A letter from university





Dear Mom and Dad,

I wrote my last exam for the year today. I should have the results by the end of next week.

For the first time since I set foot on campus in September, I have the luxury of being able to think about why I’m here. Most of that thinking is about things you never told me.

What I’ve come to understand is that if we ever needed all the able minded, well-educated people on deck we could muster, we need them now. By every conceivable yardstick, the world is changing faster than it ever has and there’s no shortage of problems to solve and opportunities to seize. And it really is about the economy.

It’s painful to read about university trained young people whose intellect is being wasted because they either can’t or won’t interpret the world around them. It’s been said that a problem is an opportunity in disguise. Francis Bacon said: “A wise man will make more opportunities than he finds.”

Farmers base seed purchases on what crops will grow in their soil. Some years, they grow different crops to reflect changes in markets or growing conditions. Other years, they have to borrow to pay for those purchases with the expectation that demand and yield will generate the revenue to repay those loans and net a living wage. Those decisions are driven by pragmatism, not by wishful thinking that everything’s going to work out just fine. Produce too much and farm gate prices go down. Produce too little and it’s a struggle to make ends meet. It’s a tough life, but they confront it head-on.

The value of the degree you and Dad have chosen to pay for is going to be determined in much the same way. I am and will always be grateful for how hard you worked and how much you sacrificed so that I could get to this point. But universities produce crops, too: crops of graduates. When supply exceeds demand in certain disciplines, as is the case today, the value of degrees in those disciplines goes down. When parents contemplate how they’re going to spend their education dollars, they tend to ignore all of the other apples in the basket except for the one apple that belongs to them. Each of those apples is looking for a buyer. The apple that satisfies a demand that the others don’t will attract one. The others won’t.

But this is where universities and farmers part company: universities are paid for every graduate they produce whether someone hires those graduates or not.

Stories about unpaid internships and contract jobs rather than stories about full-time jobs started to appear in 2012. The term precarious employment, or contingent employment as it’s known in the U.S., has worked its way into the language, and university graduates aren’t immune. You sent me to university to learn how to think, so why am I and so many of the rest of us underemployed, precariously employed, or unemployed? The answer may be that we’re not nearly as good as farmers are at figuring out what seeds to sow, what they’ll grow and who’ll buy them. Farmers are acutely aware of their environment. All of it. Many of us who live in big cities aren’t.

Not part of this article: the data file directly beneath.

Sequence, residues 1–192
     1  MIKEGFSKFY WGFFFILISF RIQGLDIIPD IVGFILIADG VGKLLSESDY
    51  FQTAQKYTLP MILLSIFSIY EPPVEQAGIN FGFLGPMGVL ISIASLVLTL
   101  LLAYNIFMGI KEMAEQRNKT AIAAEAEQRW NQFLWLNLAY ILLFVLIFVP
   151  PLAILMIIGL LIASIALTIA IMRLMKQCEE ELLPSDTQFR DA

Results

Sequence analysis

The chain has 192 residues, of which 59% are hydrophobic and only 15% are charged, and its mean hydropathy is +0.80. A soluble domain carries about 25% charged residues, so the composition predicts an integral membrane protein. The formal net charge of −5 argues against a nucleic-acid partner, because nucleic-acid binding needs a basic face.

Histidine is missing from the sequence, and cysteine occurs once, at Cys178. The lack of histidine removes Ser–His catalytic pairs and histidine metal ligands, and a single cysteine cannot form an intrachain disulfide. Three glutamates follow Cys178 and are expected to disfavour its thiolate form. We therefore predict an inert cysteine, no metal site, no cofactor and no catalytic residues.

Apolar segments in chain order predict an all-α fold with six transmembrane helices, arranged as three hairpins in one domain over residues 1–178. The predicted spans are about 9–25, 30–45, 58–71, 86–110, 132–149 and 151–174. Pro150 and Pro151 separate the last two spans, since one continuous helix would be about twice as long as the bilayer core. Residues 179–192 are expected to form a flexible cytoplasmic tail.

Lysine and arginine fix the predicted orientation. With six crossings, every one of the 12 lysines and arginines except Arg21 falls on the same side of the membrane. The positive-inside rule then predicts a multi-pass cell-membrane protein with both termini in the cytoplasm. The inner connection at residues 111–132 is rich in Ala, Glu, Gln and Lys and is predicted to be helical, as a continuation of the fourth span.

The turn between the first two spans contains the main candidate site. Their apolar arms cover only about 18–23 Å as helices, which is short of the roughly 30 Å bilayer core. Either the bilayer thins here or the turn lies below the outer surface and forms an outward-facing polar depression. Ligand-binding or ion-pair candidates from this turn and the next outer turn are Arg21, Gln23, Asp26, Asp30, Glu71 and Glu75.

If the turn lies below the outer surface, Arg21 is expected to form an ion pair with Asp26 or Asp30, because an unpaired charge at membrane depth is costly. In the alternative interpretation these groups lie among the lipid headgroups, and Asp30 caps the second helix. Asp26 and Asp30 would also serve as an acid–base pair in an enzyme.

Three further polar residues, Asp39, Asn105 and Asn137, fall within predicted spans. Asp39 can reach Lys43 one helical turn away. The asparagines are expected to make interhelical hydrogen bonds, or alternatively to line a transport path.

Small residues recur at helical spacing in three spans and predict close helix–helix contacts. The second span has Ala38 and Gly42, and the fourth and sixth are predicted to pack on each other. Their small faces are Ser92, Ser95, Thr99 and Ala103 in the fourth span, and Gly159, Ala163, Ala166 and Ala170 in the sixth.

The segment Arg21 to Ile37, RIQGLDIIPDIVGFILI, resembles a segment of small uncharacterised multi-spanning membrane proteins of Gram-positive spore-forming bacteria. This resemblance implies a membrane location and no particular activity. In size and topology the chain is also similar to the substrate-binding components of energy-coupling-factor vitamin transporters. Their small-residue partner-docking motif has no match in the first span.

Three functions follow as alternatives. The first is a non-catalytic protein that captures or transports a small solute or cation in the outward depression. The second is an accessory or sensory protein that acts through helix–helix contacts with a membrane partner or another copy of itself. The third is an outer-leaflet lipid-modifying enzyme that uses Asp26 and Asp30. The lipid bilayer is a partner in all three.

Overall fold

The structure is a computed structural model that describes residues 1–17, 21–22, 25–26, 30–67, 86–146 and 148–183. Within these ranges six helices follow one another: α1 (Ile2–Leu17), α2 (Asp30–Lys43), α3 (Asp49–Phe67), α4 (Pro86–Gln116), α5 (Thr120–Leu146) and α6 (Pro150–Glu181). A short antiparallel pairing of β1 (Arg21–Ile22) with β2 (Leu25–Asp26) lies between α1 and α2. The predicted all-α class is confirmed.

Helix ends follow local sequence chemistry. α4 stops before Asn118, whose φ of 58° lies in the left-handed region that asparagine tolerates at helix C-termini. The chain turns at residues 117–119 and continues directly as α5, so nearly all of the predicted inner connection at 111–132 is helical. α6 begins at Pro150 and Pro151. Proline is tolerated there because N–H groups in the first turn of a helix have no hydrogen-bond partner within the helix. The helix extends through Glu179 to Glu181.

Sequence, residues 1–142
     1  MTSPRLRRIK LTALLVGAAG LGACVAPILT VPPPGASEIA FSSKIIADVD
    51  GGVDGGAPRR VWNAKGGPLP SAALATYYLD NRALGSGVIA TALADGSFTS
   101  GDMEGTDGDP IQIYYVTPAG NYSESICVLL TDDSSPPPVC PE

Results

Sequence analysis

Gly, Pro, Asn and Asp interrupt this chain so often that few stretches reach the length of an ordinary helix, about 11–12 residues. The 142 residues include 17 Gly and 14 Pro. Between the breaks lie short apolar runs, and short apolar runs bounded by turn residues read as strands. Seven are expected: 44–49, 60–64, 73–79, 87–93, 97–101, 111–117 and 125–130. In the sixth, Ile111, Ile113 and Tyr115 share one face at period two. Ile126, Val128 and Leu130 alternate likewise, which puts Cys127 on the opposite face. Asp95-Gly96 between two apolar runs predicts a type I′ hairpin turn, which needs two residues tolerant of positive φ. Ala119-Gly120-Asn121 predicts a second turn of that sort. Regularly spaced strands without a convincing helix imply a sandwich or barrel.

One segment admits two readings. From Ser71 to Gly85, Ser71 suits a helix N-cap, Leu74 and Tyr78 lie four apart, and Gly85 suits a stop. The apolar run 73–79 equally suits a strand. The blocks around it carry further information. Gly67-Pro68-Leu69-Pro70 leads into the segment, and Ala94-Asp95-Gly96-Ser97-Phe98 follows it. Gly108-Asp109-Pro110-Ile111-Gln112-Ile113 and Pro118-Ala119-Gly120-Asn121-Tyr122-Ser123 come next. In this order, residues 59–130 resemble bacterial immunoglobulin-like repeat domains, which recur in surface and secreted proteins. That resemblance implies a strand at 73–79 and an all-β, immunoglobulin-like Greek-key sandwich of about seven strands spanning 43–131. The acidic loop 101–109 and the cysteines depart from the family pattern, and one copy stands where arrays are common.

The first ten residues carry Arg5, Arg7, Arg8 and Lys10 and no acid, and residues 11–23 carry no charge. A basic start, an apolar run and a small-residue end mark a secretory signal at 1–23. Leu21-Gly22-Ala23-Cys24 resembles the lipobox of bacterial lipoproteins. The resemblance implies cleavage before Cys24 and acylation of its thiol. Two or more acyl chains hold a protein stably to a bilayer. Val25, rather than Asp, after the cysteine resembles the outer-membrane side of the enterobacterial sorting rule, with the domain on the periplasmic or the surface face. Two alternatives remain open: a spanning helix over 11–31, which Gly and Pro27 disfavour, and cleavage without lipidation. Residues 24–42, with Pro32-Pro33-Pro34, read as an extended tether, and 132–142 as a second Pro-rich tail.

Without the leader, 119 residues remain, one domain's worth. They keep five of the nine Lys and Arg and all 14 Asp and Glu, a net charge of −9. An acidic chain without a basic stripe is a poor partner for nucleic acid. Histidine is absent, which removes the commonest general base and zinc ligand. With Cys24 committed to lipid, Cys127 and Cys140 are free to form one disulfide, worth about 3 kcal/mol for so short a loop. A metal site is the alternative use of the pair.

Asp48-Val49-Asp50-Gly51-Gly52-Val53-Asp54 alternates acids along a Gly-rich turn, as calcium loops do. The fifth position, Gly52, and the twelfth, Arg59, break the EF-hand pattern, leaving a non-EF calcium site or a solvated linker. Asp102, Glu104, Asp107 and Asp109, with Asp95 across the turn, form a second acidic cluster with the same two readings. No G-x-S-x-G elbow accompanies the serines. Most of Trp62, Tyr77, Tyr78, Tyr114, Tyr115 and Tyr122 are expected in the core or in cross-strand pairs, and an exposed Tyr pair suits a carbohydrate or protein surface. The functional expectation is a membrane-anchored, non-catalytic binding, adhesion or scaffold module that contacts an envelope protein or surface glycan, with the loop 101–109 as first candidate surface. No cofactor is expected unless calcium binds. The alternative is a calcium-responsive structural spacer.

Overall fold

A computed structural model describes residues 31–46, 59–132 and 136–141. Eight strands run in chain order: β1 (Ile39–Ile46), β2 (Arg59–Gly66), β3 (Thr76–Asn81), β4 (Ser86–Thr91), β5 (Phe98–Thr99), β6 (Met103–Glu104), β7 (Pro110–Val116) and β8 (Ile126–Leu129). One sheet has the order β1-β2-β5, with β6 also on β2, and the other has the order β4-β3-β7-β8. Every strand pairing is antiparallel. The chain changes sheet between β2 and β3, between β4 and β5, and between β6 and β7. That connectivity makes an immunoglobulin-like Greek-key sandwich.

The way you’ve chosen to educate me suggests that we don’t understand the land we live on. There’s no underestimating how important it is that we all bear down, really bear down, and figure it out, and that we do it on our own initiative because governments, education systems and institutions of higher learning don’t teach that most basic of life skills—yet. The message coming from governments and the schools they own and operate is that education and we, your children, are political footballs.

What distinguishes the people who produce the food we eat from the people who eat it is that the producers live with and on the land 24 hours a day, 7 days a week, year in and year out. For them, the land is reality and they deal with it accordingly. The rest of us live 24/7 with our equivalent, the economy and the labour market. But we don’t give it its due, so we don’t understand it.

It’s time we did.

There’s a resource I just learned about. It’s called The Personal Due Diligence Project, PDD for short. I wish I’d heard about it sooner. Their people work with parents and children to help them think the way farmers think about what kinds of seeds to plant. You can find their website at http://personalduediligence.com. Please respond to the survey they’re conducting into the expectations parents and their children have of higher education. The survey is entitled ‘Hopes, dreams and tuition’ and you can find it by clicking here. I hope you do.

I’ll be home soon.

All my love.


PS: You might also want to click on the links to the following stories.